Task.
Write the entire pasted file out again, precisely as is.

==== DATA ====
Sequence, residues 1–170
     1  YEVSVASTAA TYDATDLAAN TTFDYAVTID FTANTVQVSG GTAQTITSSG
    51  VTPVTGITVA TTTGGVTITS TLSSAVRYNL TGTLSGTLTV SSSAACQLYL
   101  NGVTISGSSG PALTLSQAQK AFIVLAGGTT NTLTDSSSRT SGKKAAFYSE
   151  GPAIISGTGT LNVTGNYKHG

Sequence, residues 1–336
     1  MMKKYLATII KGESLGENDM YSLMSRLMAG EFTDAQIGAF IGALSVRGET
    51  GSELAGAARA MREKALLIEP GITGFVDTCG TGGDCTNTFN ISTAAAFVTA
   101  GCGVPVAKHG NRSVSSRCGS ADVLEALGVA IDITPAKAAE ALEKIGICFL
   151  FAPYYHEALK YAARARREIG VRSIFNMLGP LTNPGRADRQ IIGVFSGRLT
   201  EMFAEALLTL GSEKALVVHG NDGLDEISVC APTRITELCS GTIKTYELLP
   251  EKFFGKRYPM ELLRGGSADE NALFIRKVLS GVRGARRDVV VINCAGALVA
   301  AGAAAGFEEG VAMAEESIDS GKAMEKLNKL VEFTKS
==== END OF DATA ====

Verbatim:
Sequence, residues 1–170
     1  YEVSVASTAA TYDATDLAAN TTFDYAVTID FTANTVQVSG GTAQTITSSG
    51  VTPVTGITVA TTTGGVTITS TLSSAVRYNL TGTLSGTLTV SSSAACQLYL
   101  NGVTISGSSG PALTLSQAQK AFIVLAGGTT NTLTDSSSRT SGKKAAFYSE
   151  GPAIISGTGT LNVTGNYKHG

Sequence, residues 1–336
     1  MMKKYLATII KGESLGENDM YSLMSRLMAG EFTDAQIGAF IGALSVRGET
    51  GSELAGAARA MREKALLIEP GITGFVDTCG TGGDCTNTFN ISTAAAFVTA
   101  GCGVPVAKHG NRSVSSRCGS ADVLEALGVA IDITPAKAAE ALEKIGICFL
   151  FAPYYHEALK YAARARREIG VRSIFNMLGP LTNPGRADRQ IIGVFSGRLT
   201  EMFAEALLTL GSEKALVVHG NDGLDEISVC APTRITELCS GTIKTYELLP
   251  EKFFGKRYPM ELLRGGSADE NALFIRKVLS GVRGARRDVV VINCAGALVA
   301  AGAAAGFEEG VAMAEESIDS GKAMEKLNKL VEFTKS